La Costa Avenue
After spending four years on the Traffic & Public Safety Commission, it’s clear that the city needs to do more to create “complete streets”– streets that provide for pedestrians, bicyclists and cars. Tackling this is one of the main reasons I ran for City Council. Right now, there are many places in Encinitas where walking and biking around our city does not feel safe or pleasant, and consequently many people choose not to bike or walk.
The motivated folks who live around La Costa Avenue gathered 40 signatures for a petition, spoke at hearings, organized with their local advocacy group, BikeWalk Encinitas, and sent multiple emails to the Traffic Commission and the City Council. What they want is a dedicated lane (or preferably a sidewalk), along the south side of La Costa Avenue near Coast Highway 101 for people to walk to the beach. They also want slower speeds, which can be accomplished by narrowing lanes. The La Costa Ave. bridge is the only way to legally cross the railroad tracks in that part of town. There are a large number of parents with strollers, families with wagons and other pedestrians headed to our sandy beaches along La Costa Avenue. (This picture shows an example of what could work on La Costa Ave. just using paint).
At the City Council meeting, the city’s engineering staff endorsed a conventional plan that included nothing specifically for pedestrians. Their plan was to stripe a larger bike lane, and put what’s called a “buffer” or a section of road with cross-hatches, between the bikes and the cars. The community that followed this issue cried foul. Where are the accommodations for pedestrians? The city staff’s response was that people can continue to walk in the bike lane.
Therefore the City Council was put in the position of choosing between two maps (see photo at right)– one recommended by city staff that did nothing for pedestrians, and a second one approved unanimously by the Traffic Commission and the community that created a place for pedestrians to walk. Both plans involve only paint, so if the solution doesn’t work it can be changed at fairly low cost.
Council Member Shaffer asked the engineering department if there was any road configuration that the engineering staff could support that would create a separate place for pedestrians to walk. Unfortunately, the answer was essentially “no.” Here is the link to view this topic in the Council meeting.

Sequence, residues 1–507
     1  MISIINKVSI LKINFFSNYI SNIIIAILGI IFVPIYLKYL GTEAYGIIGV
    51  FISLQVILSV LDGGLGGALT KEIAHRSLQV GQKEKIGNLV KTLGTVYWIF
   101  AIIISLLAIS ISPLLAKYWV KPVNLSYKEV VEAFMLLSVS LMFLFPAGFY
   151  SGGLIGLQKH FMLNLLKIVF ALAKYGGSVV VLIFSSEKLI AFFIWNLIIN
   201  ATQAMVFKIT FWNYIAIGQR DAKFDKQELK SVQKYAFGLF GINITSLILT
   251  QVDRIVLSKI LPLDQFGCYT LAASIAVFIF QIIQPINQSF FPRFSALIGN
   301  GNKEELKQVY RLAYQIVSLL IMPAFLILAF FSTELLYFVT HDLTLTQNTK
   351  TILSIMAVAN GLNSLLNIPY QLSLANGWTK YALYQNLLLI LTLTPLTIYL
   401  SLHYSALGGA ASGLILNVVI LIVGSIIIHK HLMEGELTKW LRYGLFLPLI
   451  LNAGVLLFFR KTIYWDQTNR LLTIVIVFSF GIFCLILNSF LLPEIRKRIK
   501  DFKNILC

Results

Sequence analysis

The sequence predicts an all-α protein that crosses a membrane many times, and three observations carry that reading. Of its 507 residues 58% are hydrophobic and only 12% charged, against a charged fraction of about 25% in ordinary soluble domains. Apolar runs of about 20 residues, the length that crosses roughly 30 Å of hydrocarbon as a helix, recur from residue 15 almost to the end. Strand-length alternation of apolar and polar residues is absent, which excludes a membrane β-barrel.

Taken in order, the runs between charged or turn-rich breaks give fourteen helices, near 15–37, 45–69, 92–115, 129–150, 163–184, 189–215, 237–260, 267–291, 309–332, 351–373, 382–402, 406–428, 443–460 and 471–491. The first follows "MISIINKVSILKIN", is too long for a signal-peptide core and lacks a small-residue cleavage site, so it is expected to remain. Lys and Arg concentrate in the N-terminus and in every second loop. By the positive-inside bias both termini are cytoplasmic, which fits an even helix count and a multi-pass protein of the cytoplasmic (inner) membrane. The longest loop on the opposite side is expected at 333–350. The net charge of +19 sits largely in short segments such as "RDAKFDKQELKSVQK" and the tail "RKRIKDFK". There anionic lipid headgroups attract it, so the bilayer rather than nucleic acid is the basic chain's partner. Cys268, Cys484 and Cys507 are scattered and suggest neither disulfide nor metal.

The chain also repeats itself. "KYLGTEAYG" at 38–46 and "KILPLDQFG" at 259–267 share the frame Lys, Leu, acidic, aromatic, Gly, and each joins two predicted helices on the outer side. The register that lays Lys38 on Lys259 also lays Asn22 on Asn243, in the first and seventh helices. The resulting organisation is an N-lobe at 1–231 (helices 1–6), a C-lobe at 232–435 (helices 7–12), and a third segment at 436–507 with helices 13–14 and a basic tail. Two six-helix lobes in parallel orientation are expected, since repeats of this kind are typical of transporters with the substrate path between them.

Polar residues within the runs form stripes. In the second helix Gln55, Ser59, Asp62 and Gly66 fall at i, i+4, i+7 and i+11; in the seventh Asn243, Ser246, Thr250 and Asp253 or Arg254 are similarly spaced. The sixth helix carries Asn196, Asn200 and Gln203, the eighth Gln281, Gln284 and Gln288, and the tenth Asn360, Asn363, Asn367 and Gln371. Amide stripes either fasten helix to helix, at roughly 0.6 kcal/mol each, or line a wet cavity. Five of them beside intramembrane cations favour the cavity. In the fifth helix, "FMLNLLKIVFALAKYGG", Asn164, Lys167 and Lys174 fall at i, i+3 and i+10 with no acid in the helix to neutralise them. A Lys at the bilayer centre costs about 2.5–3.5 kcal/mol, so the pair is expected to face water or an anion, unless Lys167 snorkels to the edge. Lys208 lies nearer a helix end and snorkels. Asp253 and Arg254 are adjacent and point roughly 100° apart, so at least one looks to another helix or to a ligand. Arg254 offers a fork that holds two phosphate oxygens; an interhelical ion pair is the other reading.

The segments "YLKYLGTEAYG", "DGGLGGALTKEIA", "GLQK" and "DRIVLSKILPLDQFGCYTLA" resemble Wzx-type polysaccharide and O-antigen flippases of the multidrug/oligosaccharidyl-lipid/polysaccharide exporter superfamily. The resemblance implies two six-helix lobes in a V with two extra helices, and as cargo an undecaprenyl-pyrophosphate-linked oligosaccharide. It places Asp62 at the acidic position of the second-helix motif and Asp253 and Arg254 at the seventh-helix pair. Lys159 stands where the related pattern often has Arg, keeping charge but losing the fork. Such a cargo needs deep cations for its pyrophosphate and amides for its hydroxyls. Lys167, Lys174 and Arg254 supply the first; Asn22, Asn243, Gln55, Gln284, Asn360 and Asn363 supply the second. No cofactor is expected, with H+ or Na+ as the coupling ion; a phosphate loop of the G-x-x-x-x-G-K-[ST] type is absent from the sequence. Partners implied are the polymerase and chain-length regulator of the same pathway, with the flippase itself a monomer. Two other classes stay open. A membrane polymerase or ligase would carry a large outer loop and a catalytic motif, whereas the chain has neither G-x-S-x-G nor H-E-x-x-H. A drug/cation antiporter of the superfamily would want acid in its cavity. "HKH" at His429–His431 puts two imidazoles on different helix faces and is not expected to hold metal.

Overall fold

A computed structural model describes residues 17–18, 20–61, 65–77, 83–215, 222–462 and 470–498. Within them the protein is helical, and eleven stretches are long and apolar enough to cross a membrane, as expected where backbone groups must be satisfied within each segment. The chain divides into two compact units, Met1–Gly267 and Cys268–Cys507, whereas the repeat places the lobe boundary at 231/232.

So on a 3-2 vote, Council Members Lisa Shaffer, Tony Kranz and I approved a hybrid of the two plans. It provides a dedicated lane for pedestrians and a lane for bicyclists, and narrows the travel lanes to 11 feet to slow speeds.
This part of the meeting was unpleasant. It’s not ideal to design from the dais, nor do I want to. I want our professional subject matter experts to come forward with a plan that provides for progressive improvements on our streets. We can do better, and I continue to expect that we can and we will do better.
Next week I have scheduled a meeting with the head of the engineering department and two of his engineers to discuss working collaboratively with each other in an environment of mutual respect. By way of contrast, the City Council recently approved a crosswalk and traffic calming on Saxony and Quail Gardens Drive, and the engineering staff came forward with plans that safely met the needs of the community. It was unfortunate that this didn’t happen on the La Costa Avenue project.
At the end of the meeting, we dealt with Peak Democracy. If you’d like to read a news article about this issue, the Encinitas Advocate article is here.
Politics and policy-making is a bumpy road. I accept and expect that. Since the meeting, I’ve had social conversations with the Mayor and city staff, and feel that we will be able to continue our progress toward more openness and the fostering of goodwill into the future.
Thank you again for your interest in our beloved city,
This week a group of Grauer School students visited City Hall. We staged a mock City Council meeting, complete with advocacy from some students and a unanimous vote by the student Council members. The students were engaged, articulate and thoughtful. America’s future is bright!